SAN ANTONIO — Bexar County is taking the success and efforts of its Joint Opioid Task Force on the road.

"We think it went really well in Austin," said County Judge Nelson Wolff's Chief of Staff TJ Mayes.

Earlier this week, members of the county's Joint Opioid Task Force testified in front of the Texas House of Representatives' Opioids and Substance Abuse Committee.

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"Bexar County Joint Opioid Task Force has received $5 million worth of federal grants," Mayes said.

Mayes says a lot of that money is funding the distribution of Narcan.

"We have 16,000 doses of this overdose reversal agent available to us through these grants," said Mayes.

Mayes says so far 3,000 doses have been distributed and with help from UT Health San Antonio —more law enforcement training is happening this summer.

However, preventing opioid overdose doesn't begin and end at home or on the street.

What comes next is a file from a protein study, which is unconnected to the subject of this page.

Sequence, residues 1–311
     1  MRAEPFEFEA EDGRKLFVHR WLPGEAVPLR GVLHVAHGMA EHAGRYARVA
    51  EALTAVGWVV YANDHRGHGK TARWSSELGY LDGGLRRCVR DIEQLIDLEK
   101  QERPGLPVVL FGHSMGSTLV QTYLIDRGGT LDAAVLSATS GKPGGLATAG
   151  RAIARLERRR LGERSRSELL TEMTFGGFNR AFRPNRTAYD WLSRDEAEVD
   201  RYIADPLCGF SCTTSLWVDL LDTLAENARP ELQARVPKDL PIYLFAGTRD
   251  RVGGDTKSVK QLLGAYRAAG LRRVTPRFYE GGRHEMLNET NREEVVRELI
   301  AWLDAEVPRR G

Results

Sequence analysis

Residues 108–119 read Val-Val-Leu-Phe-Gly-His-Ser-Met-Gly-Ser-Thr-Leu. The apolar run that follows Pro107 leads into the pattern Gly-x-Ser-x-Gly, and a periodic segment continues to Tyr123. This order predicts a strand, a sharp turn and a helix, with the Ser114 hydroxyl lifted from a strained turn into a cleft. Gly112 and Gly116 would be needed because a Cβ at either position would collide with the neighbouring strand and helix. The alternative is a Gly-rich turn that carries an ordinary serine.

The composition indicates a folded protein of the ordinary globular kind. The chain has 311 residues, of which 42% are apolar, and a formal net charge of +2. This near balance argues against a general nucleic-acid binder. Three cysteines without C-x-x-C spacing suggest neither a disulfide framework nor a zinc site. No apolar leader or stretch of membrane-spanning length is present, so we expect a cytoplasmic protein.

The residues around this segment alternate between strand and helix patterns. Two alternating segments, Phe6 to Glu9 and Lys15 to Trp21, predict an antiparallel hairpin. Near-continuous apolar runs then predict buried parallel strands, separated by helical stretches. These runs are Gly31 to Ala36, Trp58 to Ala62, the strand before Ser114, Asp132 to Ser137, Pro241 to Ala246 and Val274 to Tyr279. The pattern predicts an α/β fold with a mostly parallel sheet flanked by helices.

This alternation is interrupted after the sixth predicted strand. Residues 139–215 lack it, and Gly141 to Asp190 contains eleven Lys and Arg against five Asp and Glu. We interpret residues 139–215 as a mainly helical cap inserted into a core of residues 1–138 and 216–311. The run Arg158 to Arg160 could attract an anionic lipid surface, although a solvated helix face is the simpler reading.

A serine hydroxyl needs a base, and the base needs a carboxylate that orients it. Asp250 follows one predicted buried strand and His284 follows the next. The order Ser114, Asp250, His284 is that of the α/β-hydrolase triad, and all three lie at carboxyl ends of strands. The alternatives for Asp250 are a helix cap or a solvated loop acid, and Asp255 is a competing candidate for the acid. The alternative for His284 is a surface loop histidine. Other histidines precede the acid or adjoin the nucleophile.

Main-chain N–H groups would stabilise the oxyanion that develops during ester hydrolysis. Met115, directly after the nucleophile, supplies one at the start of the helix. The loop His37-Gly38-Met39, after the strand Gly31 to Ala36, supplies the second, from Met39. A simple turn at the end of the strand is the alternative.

The county is asking the state to look into the physician drug monitoring program.

Mayes says at times it's difficult to integrate software into the electronic health records system.

"So one of our big asks was that the legislature consider appropriating dollars to help health systems integrate that program," Mayes said.

To further help prevent abuse, the San Antonio Council on Alcohol and Drug Awareness has also released a new warning about opioid safety in the home through Santikos movie theaters.

"Those commercials have been viewed by 560,000 people in Bexar County," Mayes said.

Mayes said for now, the latest project is to help people get rid of their unused prescriptions.

"The Bexar County Opioid Task Force is also working with the San Antonio Police Department on developing permanent safe disposal boxes for access medication so a person in Bexar County can know that if they have left over medication they can take it to a police department, place it in a safe disposal box, and know it will be disposed of properly," Mayes said.

Proper disposal with possible lifesaving results.